IN ALL the talks that he gives these days before different organizations, Washington SyCip says one thing: "To improve the Philippine situation, fix basic education first."
As he sees it, without a good education in grade school and high school, generations of Filipinos will be illiterate. "How then can they get jobs? How can they rise out of poverty?" he asks.
Today SyCip is wearing a Silk Cocoon barong embroidered with ancient Coptic writing. The pistachio color looks good on him. Despite his 87 years, it is hard to think of SyCip as an old man. His age does not inhibit him from having an active life, especially where his wisdom, work ethic, wealth and web of friends are needed.
The man packs so much brain and generosity in his small, slight frame. The founder of the Asian Institute of Management (AIM) and the force behind the leading accountancy firm SyCip, Gorres & Velayo (SGV), SyCip has put his money where his mouth is, as far as education in the country is concerned.
He has supported so many private initiatives, such as the Philippine Business for Education and Synergeia, that he can teach a course on Saving RP Schools 101.
He has also funded the education of a lot of young people. But he says, "I've stopped giving scholarships completely. I give scholarship and, when they're done, they go to the United States. What am I subsidizing, the US? It doesn't make sense."
After seeing what Nene Guevarra (the recent Gawad Haydee Yorac awardee) and the foundation Synergeia have accomplished in Mindanao, he says, "I switched my funding for education to her foundation to be used for basic education. For higher education, I think I've done quite a bit through AIM."
He's very choosy about what he supports now. For instance, there was a time he did not want to get involved with the Museo Pambata "because I felt that it was catering only to the children of the higher income families."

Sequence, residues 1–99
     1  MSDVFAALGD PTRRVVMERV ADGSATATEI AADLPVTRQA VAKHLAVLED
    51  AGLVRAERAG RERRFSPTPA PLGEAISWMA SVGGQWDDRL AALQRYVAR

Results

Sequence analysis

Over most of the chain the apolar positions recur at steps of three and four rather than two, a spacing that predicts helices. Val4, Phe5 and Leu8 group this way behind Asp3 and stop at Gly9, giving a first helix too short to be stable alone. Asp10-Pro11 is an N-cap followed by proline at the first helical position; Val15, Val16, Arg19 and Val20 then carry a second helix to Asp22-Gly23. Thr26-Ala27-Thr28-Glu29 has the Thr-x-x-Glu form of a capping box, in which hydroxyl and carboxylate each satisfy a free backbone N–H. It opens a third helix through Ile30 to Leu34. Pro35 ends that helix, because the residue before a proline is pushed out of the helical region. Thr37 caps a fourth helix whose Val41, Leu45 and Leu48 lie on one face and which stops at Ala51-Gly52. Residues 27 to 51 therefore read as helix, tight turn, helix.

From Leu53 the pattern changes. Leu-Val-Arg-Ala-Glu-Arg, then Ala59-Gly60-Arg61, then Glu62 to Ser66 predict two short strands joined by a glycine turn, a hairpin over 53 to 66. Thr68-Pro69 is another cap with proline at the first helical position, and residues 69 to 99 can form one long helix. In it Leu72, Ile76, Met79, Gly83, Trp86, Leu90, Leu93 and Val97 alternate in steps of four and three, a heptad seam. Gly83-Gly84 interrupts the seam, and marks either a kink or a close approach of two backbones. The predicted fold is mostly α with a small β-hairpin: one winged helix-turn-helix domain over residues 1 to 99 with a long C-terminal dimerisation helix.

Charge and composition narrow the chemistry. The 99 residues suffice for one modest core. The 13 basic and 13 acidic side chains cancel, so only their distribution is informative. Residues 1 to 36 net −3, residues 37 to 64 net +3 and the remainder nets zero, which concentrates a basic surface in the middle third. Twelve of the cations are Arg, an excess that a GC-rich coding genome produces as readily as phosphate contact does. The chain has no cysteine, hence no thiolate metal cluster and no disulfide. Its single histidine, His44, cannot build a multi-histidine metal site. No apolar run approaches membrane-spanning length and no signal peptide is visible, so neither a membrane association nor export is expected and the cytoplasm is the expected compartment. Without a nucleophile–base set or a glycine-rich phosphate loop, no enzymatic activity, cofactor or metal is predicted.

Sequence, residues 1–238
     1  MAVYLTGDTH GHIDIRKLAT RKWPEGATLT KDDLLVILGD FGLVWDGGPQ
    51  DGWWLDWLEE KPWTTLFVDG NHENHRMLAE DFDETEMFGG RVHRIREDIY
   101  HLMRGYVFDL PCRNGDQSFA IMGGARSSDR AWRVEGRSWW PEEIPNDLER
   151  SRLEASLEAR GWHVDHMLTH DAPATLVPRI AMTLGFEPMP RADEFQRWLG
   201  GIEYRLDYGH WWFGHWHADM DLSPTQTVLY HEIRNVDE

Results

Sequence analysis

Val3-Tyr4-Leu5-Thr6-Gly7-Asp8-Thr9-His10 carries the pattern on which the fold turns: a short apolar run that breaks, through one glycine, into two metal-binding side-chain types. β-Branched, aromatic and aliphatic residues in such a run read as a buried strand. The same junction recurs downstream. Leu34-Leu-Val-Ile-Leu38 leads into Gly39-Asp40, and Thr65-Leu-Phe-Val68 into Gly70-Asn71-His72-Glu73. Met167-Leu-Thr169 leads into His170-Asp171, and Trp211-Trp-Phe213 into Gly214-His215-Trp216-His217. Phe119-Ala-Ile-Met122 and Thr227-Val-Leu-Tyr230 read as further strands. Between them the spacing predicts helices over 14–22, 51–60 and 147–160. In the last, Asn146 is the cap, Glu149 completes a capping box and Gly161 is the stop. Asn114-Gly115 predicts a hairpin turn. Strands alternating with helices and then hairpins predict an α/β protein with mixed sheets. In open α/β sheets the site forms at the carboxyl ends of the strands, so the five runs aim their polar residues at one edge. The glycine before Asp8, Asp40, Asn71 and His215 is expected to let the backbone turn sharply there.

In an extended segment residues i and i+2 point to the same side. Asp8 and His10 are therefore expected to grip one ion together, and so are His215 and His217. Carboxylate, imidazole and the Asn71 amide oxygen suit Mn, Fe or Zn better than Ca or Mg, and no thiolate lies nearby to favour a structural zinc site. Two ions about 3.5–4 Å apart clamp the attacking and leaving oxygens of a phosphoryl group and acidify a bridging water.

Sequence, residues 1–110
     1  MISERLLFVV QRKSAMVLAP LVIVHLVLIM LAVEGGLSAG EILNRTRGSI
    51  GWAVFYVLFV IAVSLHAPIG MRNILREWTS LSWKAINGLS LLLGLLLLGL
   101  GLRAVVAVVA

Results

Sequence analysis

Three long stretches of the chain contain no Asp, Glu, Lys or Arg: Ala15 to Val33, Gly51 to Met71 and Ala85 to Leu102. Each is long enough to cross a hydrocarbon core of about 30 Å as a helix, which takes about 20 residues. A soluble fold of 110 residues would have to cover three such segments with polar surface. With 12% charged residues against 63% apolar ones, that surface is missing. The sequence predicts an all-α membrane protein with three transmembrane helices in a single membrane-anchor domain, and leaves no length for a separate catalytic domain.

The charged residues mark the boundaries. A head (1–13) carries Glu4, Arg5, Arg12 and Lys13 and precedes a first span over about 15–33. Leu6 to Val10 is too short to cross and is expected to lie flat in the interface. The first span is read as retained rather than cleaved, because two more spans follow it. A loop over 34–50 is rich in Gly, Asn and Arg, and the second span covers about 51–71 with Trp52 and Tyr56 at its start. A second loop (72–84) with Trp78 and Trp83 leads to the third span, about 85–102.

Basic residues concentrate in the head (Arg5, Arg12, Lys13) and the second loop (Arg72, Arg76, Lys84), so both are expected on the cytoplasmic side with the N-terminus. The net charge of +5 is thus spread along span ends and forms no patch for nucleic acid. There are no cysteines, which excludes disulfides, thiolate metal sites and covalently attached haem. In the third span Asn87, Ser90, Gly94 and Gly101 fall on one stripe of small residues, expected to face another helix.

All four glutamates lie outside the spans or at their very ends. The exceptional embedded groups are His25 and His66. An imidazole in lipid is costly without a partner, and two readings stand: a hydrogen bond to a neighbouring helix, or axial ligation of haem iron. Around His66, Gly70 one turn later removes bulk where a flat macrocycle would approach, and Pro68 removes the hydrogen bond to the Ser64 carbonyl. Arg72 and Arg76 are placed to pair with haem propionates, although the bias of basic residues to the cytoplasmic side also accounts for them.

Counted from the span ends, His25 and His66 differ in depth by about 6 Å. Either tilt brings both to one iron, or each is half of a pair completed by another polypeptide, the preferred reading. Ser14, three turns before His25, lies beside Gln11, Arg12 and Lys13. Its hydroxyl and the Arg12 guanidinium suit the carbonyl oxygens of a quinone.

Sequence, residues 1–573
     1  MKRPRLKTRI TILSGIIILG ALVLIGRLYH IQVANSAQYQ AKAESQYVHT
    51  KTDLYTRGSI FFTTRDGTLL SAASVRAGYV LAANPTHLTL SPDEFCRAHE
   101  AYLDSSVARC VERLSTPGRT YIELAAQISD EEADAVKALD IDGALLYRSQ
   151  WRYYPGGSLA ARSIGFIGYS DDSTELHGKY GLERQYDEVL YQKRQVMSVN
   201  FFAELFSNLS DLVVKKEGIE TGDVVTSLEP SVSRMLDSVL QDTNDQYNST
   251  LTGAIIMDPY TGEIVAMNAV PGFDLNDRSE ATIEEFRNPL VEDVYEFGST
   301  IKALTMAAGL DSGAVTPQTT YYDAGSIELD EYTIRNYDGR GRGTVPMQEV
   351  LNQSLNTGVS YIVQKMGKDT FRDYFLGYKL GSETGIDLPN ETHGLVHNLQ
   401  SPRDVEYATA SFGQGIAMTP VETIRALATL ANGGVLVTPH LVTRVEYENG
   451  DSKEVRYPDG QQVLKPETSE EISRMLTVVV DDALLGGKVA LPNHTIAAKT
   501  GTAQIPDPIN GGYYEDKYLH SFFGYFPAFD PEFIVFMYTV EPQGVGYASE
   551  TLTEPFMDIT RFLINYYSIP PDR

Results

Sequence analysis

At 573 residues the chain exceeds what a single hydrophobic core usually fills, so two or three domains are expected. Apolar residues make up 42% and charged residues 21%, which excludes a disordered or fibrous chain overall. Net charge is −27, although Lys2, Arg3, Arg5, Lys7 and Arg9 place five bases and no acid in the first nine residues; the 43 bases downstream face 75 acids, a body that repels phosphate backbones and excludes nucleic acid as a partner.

Trust a museum to persevere, though. "So then I said, all right, I'd give you a contribution but it should be used only for the kids from the poorest schools," SyCip recalls.
In the last few years, his donations have covered the expense for the buses that bring the children to the museum from, say, Tondo, as well as for the lunch of the young museum-goers.
"I had someone from our office check to see how effective that program was," he notes, "and she reported it was very, very effective so it became a yearly thing."
Farming for kids
At Boys Town and Girls Town in Silang, Cavite, the Ramon Magsaysay Foundation awardee for International Understanding has been underwriting the kids' training in farming.
"I had no idea that they had all those kids there from poor families getting free room and board and an education up to high school," says SyCip.
"I was invited to visit. I went through their dormitories--so orderly. Their kitchen--so clean. The children were so disciplined. I asked the nuns, do you teach them how to improve productivity since most of them are from farms? The nuns said, 'We don't know how to do that.' They teach the girls how to sew dresses, knapsacks, etc."